Many foreign-born people working in Kentucky and across the United States have a college degree. There are four common ways a person from another nation can lawfully reside in the U.S. They could obtain a H-1b visa, an F-1 visa, a green card or through the Optional Practical Training program.
The shutdown of the federal government has affected the lives of many people in Kentucky and across the United States. This includes not just residents who work for the federal government and those in need of services performed by federal agencies, but also immigrants seeking U.S. permanent residency.
When an immigrant in Kentucky or elsewhere decides they wish to stay in the country permanently, they will need to apply to become a permanent resident. U.S. Permanent residency is a privilege, and as such, bestows upon a person both rights and responsibilities. It is one step on the road to one day becoming a U.S. citizen.
The city of Louisville, KY is home to two seminary schools, one Presbyterian and one Baptist. These establishments train and equip pastor and missionaries for religious works around the world. Students come from many nations to attend. Upon completion, many wish to obtain permanent U.S. residency and continue their works within the states. However, there are strict requirements for the necessary visa to accomplish this.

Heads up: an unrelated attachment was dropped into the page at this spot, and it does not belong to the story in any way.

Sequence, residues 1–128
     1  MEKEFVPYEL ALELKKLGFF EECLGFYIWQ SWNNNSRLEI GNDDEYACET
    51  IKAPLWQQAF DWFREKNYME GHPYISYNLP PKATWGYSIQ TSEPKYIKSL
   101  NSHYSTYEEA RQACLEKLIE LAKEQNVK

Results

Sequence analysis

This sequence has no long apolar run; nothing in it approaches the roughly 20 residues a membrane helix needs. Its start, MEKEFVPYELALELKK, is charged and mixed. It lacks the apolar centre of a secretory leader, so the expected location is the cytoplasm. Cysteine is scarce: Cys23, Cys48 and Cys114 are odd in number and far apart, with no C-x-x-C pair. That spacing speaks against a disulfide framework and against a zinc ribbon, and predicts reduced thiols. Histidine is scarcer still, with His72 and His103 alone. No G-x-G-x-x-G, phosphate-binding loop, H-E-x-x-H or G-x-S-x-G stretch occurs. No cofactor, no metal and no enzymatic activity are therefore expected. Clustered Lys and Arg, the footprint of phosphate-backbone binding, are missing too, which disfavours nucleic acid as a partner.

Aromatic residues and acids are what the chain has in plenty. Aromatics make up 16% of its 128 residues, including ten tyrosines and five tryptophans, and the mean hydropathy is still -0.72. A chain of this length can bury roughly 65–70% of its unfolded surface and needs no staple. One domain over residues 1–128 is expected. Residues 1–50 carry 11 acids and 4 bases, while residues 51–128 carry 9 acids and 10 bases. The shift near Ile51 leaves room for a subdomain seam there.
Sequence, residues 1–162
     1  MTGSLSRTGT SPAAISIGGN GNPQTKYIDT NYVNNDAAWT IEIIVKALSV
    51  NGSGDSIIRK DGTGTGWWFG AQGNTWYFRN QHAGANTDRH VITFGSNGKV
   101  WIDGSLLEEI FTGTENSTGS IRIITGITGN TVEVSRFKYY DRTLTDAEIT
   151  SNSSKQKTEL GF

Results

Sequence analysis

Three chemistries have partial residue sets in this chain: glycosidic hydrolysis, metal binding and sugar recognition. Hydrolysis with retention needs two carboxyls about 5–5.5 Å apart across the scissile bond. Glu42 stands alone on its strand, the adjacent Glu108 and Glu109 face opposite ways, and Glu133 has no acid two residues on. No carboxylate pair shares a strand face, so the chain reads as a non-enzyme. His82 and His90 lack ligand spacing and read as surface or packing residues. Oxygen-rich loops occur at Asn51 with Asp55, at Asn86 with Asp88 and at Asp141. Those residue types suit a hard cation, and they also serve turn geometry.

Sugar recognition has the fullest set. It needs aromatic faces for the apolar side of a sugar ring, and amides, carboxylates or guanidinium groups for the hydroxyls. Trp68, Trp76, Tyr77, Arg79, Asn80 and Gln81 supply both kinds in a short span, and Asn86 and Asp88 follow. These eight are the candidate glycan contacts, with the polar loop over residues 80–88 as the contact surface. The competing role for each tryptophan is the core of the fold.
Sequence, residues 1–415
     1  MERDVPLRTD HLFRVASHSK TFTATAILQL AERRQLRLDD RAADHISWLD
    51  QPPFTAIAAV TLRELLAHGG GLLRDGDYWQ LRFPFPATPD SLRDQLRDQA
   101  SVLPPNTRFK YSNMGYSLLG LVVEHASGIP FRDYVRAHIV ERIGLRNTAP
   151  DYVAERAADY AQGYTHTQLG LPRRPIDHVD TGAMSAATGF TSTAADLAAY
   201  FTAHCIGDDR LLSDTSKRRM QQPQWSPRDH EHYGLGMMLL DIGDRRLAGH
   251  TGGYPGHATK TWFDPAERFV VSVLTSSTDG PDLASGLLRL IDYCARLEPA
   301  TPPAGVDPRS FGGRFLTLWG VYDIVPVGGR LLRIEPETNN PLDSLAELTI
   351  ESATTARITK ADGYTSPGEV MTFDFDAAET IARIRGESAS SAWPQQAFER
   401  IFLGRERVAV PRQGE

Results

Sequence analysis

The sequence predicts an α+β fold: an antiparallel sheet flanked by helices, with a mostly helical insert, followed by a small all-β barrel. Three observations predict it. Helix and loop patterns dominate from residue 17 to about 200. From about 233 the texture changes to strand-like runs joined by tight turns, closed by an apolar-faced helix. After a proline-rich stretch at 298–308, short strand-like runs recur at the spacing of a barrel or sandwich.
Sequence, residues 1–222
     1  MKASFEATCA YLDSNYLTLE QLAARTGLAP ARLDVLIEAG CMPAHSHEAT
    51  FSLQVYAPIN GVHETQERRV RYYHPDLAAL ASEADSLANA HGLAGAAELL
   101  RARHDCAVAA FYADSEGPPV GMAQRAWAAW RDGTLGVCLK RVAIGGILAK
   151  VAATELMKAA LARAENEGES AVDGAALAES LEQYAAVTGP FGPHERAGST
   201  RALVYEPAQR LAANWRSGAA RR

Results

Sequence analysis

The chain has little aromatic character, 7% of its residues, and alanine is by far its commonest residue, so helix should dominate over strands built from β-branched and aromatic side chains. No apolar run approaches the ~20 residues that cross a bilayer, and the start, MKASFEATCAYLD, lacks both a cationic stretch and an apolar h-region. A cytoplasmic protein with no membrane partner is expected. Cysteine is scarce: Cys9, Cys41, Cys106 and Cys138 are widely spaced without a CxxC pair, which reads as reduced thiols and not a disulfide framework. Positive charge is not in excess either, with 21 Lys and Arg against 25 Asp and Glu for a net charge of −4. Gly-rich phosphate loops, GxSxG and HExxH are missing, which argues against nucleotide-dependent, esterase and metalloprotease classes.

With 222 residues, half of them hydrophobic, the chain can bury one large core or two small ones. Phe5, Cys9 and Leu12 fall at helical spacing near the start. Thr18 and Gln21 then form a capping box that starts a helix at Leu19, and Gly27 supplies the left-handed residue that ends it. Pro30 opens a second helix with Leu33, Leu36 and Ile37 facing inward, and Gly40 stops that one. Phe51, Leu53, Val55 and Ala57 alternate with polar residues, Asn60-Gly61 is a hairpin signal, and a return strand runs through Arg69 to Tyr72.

Some immigrants are residing in Kentucky and elsewhere in the nation illegally. However, they often are still working, raising their family and in general contributing to our nation. They may have crossed into the U.S. illegally or they may have overstayed a lawful visa. No matter what the reason, it is interesting to note that according to the Pew Research Center, the number of undocumented immigrants residing in the U.S. is at a 12-year low.
Ever since its founding, America has been a nation of immigrants. Many people come to the United States with the goal of obtaining U.S. citizenship, also known as naturalization. There are several legal means through which an immigrant can obtain U.S. permanent residency, and following that, citizenship. However, there are certain requirements a person must satisfy to become a U.S. citizen that immigrants in Kentucky and elsewhere should understand before proceeding.
Immigration is a hot topic these days, with politicians on both sides of the aisle arguing about how to handle those seeking entry into the United States, as well as whether and how to deport those unlawfully residing in the U.S. It is important for people in Kentucky and across the nation to have a basic understanding of the deportation process.
Some parents in Kentucky choose to adopt a child from abroad, or other circumstances may exist in which a child born to a U.S. citizen resides abroad. In either of these cases, the child's parents may want the child to obtain U.S. citizenship. There are processes under United States law that allow this goal to be achieved.
Many immigrants in Kentucky and elsewhere in the United States will apply for a Green Card in hopes of becoming lawful permanent residents. Unfortunately, not every application is approved the first time around. When a person receives an unfavorable decision after applying for residency, they may be able to file either a motion to reopen or a motion to reconsider. It is important to understand what these two motions accomplish, so applicants can choose the one that is right for them.